Especially a tree which has already been weakened by collection. This tree has now been double-stressed, and recovery will be difficult.


not quite, but there was very poor root development, and most of what there was was just below soil level as you see it. I though I would give it a better chance by giving those parts some covering. Don't tell me it's another b*ll*cks up or I shall cry.

Should I put the moss on the soil surface?

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update...

Post  littlebobby on Fri Jul 17, 2009 6:05 pm

three weeks in its new home. almost completely defoliated itself so what you see now is new. fed it last weekend for the first time. very gingerly had a peek and noted some fibrous root development, some of which was under the original layer of sphagnum, so I put a thin layer of compost over it and re-covered it with fresh moss. So ar so good...


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Re: monster hawthorn

Post  Kev Bailey on Fri Jul 17, 2009 6:18 pm

That's the best news you could have. Now don't do anything else. No fiddling or inspecting the roots, right? Leave it where it is for now and just water when required. You can start feeding now too. Branches that haven't popped buds probably won't, but don't do anything silly like sawing them off. The movement would more than likely snap and kill any of the fine new feeder roots that should now be forming.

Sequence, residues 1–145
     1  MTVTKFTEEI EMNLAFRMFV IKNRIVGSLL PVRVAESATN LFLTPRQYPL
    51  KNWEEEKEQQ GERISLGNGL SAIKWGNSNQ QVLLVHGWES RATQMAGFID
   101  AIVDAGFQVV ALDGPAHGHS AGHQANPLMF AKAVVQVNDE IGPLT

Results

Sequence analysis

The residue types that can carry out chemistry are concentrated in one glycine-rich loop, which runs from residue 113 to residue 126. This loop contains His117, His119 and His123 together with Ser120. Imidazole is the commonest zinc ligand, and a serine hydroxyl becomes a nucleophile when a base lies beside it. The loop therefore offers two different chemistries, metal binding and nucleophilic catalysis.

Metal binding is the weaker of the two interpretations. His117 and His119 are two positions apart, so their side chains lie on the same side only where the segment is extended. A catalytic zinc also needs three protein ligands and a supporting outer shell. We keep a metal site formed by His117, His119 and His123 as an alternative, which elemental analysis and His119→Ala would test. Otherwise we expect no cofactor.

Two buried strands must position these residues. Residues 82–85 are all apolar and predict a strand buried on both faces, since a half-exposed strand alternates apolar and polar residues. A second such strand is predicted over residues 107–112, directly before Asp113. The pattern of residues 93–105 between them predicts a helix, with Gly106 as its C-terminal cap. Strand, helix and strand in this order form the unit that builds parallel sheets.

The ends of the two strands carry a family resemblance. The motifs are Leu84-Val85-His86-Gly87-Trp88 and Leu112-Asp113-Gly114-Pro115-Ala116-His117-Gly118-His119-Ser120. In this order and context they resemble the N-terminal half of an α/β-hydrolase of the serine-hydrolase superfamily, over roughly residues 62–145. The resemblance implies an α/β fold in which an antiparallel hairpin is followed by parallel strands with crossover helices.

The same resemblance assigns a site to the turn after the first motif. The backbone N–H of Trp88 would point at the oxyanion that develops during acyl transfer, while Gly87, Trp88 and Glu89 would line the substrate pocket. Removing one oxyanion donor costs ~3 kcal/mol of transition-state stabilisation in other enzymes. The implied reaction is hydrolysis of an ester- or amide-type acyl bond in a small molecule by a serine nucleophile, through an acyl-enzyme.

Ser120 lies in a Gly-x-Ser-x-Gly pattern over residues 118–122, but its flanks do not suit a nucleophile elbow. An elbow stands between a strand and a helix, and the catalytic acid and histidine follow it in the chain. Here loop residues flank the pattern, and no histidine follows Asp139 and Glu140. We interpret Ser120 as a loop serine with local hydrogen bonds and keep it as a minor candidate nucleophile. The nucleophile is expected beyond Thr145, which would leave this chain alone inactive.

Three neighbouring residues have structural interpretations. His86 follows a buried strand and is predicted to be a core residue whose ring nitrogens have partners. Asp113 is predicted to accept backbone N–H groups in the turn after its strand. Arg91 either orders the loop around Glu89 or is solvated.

Pray through the winter that this growth wasn't its last gasp of life.

Next spring is the time to be lifting, hopefully inspecting fine new roots.

_________________
“It is not the strongest of the species that survives, nor the most intelligent. It is the one that is the most adaptable to change.” - Charles Darwin.

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Re: monster hawthorn

Post  littlebobby on Fri Jul 17, 2009 6:29 pm

Kev Bailey wrote:That's the best news you could have. Now don't do anything else. No fiddling or inspecting the roots, right? Leave it where it is for now and just water when required. You can start feeding now too. Branches that haven't popped buds probably won't, but don't do anything silly like sawing them off. The movement would more than likely snap and kill any of the fine new feeder roots that should now be forming.

Pray through the winter that this growth wasn't its last gasp of life.

Next spring is the time to be lifting, hopefully inspecting fine new roots.

Very Happy yup. going to leave well alone now apart from feeding and watering for a couple of years, apart from (if it lives that long) bit of tidying up next summer. Cheers. I probably needed keeping in line there Embarassed patience is not one of my virtues, which means that bonsai is an interesting and challenging choice of hobby.

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Re: monster hawthorn

Post  bobby little on Mon Mar 22, 2010 8:41 pm

can you tell I've got a camera now? Update on the non - hawthorn blackthorne. survived suprisingly well. Kev was right about the branches that hadn't popped, but I think I've got lots of scope for carving the remaining dead wood.


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Re: monster hawthorn